Protein Powder May Be Causing You To Gain Weight ( And Not The Type You Want)

Let’s give a warm welcome to my latest special guest blogger, Kate Egan!

Kate is a dietetic intern and MBA candidate coming at us today with a very interesting take on protein powder, and how it may actually be causing you to GAIN weight.

We tend to think of protein powder as a muscle gain/fat loss super supplement, but is it really?

Protein Powder May Be Causing You To Gain Weight ( And Not The Type You Want)

Kate Egan

If I had a dollar for every time that an acquaintance or friend wanted to talk to me about protein, I would probably be able to quit my day job. (Kidding, but it would be pretty close). With people close to me knowing that I am a very soon-to-be Registered Dietitian, this is one of the most common questions I get. “Do I need more protein? Should I be drinking protein shakes?”

Unfortunately, protein powder has become the new “thing” for young adults, especially those who are athletes or wannabe bodybuilders. Overzealous coaches and personal trainers are handing out protein powder like water, and have convinced everyone from grandmothers walking on the treadmill that they NEED more protein if they’re working out, and that it NEEDS to come from powder.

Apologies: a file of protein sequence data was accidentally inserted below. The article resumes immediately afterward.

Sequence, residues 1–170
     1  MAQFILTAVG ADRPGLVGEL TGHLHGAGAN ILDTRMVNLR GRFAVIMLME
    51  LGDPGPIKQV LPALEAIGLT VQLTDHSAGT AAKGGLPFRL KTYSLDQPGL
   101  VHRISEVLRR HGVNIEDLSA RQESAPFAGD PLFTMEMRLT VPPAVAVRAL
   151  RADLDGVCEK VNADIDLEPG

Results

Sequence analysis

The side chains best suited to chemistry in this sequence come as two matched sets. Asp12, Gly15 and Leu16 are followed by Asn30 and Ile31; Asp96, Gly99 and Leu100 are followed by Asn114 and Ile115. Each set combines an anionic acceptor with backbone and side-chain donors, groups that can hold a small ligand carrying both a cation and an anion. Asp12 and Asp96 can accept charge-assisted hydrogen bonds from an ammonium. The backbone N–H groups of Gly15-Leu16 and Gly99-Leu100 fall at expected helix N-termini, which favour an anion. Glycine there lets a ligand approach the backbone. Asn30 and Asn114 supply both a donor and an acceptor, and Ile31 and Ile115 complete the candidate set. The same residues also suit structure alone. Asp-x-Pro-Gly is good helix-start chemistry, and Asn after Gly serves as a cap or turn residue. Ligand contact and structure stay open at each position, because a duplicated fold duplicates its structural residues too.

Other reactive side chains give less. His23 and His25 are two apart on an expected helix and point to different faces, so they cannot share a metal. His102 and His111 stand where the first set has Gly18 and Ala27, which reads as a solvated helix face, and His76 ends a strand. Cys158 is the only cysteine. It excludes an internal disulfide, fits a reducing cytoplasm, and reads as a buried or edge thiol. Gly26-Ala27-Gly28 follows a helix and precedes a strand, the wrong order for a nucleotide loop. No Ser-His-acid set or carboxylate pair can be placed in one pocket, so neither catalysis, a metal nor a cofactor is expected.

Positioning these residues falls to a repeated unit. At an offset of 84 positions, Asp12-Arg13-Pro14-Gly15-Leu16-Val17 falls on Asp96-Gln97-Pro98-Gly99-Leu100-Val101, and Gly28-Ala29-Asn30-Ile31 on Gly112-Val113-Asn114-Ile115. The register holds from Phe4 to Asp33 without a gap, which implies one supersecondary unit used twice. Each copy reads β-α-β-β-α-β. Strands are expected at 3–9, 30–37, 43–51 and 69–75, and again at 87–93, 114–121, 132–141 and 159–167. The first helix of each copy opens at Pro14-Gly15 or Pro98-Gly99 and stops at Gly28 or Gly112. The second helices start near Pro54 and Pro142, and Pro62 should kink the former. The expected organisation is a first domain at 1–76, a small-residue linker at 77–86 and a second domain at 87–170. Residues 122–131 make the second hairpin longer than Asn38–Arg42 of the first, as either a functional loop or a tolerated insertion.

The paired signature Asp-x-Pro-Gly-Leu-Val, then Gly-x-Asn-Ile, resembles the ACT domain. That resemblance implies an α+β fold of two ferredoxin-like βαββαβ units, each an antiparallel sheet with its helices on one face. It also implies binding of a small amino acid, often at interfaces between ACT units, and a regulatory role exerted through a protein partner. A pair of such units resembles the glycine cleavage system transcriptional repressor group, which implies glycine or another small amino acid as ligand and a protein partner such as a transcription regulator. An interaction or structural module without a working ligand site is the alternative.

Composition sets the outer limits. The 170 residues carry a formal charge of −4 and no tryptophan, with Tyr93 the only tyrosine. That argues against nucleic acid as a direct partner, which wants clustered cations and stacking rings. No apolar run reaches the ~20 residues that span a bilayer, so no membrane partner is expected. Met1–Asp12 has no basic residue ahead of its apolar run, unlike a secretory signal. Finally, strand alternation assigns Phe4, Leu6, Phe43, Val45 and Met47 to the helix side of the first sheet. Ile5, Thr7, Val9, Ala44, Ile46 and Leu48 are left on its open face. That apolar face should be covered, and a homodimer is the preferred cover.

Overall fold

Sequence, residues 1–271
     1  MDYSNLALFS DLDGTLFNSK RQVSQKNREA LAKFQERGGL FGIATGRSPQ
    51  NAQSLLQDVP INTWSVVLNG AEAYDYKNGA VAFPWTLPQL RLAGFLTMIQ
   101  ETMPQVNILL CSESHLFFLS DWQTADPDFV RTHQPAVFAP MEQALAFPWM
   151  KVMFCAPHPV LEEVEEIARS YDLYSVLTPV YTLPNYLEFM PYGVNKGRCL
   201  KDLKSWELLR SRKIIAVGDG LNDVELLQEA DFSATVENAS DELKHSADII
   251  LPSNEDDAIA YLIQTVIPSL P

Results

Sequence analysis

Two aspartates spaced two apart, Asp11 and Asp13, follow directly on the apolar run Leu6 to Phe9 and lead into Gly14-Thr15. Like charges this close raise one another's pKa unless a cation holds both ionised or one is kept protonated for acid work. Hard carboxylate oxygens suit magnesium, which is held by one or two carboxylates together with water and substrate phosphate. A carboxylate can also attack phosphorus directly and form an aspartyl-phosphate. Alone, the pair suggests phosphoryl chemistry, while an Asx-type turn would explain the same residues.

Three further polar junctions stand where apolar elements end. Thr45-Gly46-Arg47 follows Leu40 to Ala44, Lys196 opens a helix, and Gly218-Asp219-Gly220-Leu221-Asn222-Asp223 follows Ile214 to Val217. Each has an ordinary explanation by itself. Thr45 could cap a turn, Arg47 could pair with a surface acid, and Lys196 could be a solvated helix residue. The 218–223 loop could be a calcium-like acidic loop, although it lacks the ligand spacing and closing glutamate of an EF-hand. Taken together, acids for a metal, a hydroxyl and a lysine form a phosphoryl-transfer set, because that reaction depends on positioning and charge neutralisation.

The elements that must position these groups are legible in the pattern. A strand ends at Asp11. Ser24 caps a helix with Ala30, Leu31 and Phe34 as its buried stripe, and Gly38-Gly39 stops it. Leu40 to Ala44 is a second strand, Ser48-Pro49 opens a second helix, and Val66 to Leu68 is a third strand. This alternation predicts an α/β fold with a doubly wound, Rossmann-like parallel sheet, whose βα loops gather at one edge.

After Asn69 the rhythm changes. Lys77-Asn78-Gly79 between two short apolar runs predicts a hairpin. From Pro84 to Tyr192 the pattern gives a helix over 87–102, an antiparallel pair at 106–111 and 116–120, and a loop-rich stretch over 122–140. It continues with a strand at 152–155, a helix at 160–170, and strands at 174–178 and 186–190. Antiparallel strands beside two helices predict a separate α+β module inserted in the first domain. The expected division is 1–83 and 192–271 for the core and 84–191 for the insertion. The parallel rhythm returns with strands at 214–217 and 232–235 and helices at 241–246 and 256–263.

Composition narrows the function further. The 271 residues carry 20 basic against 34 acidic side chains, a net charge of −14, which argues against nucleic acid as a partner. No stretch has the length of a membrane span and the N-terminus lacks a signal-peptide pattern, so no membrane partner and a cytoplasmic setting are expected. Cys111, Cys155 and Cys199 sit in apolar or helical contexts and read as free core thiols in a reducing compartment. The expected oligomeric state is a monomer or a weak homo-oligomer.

Here are some facts: In one scoop of protein powder, there is usually somewhere around 20g of protein and 100-150 calories, depending on what type of powder it is. So people who drink two protein shakes in a day are taking in about 40g of protein and up to 300 extra calories. Those totals may even be higher, depending on the variety of protein supplement you are using.

Meanwhile, in one cup of chopped chicken breast there is around 40g of protein and only around 200 calories. Having two eggs will give you 12g protein for just around 150 calories, and 2 tbsp of nut butter will bring you in around 10g of protein for just under 200 calories as well. Having a container of greek yogurt in the morning will give you almost 20g of protein for just 100 calories.

Now, you might be looking at some of these numbers and thinking, “But those calories are higher than the protein powder! What’s your point?”

Excellent question! The issue with protein powder and protein shakes is that people view them as a supplement – they are taking in protein shakes as liquid calories rather than as a snack or a meal. Meanwhile, the food sources are considered a part of a meal or a snack – for example, a cup of chopped chicken is about the amount you’d put on a large salad or a big bowl of pasta, and you’re going to recognize that it’s keeping you full until your next meal. For someone who isn’t an elite athlete working out for hours a day, taking in 200-300 extra calories of protein shake a day can be extremely detrimental to goals of weight loss.

All in all, I will leave you with my usual advice – always food sources first!

I could not agree more Kate!! Thanks so much! Like what she had to say? Check out Kate on Instagram

Andy De Santis RD MPH 

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